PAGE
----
While it is laudable for Government Departments to refer to their work as strategic, the fact is that our attention should be on the key critical outcomes that will deliver for our country the most gain in the medium to long-term.

The Government is making a concerted effort to change this.

This year we are doing things differently.

The establishment of six ministerial teams is part of that difference. The primary task of these teams is for Ministers to work together and take a more strategic focus to the work of government.

Aside from ensuring a more robust analytical approach to policy by having Ministers cross the boundaries of their portfolios, the aim of these teams is to push Ministers to think beyond simply the short-term.

Pushing the Government to focus beyond the short-term is not without its challenges.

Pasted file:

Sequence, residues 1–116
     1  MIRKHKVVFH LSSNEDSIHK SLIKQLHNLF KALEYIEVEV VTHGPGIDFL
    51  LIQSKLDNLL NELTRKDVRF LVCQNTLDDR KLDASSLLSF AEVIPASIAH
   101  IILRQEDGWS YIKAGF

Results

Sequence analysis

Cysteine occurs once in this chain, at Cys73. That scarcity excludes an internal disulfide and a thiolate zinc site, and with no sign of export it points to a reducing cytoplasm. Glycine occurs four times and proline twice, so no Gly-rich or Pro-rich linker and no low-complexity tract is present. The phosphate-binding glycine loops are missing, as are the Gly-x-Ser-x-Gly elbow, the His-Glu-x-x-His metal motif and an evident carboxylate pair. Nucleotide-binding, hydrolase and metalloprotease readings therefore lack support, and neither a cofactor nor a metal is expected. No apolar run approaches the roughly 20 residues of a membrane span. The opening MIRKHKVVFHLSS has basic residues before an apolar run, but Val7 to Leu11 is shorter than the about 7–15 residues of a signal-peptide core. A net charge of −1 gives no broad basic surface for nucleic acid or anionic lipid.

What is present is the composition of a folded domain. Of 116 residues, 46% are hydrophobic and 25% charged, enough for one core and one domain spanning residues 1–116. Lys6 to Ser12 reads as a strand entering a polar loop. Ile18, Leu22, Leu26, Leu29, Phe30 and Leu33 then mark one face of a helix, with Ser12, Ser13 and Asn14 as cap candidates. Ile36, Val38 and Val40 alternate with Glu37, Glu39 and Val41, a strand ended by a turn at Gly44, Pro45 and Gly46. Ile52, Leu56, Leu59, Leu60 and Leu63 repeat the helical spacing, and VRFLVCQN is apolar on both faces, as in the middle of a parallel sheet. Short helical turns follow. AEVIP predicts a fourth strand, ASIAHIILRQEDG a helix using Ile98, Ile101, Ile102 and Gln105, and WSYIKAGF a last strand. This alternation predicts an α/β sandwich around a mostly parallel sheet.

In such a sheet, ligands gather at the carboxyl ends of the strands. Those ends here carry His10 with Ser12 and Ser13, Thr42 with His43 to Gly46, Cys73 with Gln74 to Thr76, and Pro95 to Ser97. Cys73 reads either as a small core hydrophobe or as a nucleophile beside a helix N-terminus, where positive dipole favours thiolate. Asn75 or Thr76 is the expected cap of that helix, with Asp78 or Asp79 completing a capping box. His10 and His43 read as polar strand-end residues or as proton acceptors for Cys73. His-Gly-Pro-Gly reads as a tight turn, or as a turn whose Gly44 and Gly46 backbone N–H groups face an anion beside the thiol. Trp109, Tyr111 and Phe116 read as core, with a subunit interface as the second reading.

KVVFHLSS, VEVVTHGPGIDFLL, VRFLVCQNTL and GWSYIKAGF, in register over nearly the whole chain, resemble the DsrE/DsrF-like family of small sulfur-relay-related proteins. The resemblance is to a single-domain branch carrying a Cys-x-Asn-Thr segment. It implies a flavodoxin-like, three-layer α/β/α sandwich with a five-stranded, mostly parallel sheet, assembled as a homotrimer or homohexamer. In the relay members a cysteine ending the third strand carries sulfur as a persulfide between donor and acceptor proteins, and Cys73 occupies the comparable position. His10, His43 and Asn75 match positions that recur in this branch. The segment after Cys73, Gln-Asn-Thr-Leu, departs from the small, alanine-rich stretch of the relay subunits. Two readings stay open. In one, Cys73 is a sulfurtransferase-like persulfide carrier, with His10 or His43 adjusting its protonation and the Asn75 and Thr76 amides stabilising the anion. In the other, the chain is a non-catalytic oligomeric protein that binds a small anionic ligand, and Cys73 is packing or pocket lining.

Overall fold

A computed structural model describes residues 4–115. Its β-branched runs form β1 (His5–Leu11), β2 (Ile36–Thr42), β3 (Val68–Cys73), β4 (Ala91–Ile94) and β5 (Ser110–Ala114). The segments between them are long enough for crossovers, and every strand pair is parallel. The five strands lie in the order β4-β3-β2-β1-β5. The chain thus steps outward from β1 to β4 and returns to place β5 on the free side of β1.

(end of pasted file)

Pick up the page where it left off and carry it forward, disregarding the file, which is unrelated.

If truth be known, it would be easier for us in Government to develop and implement policies which are focused solely on the short term electoral cycle.

Implementing policies which are aimed to please voters would be a tempting approach.

However, in terms of performance and in terms of our country's best interest it would be a failure.

Good government is about exercising leadership and implementing policies which improve the medium to long-term prospects of our country.

It is about making decisions which take into account not only the economic and social prospects for the current generation but takes into account prospects for future generations. Opposition parties by nature ignore this need.

Labour, day after, day promise to spend more. We're keeping a tally. In the last week alone another $600 million per annum was promised. I challenge Labour to tell New Zealanders what total tax increases New Zealanders will face to fund their political promises.

The greatest challenge is having the public understand the need for strategically focused policy, not loose or expedient political undertakings.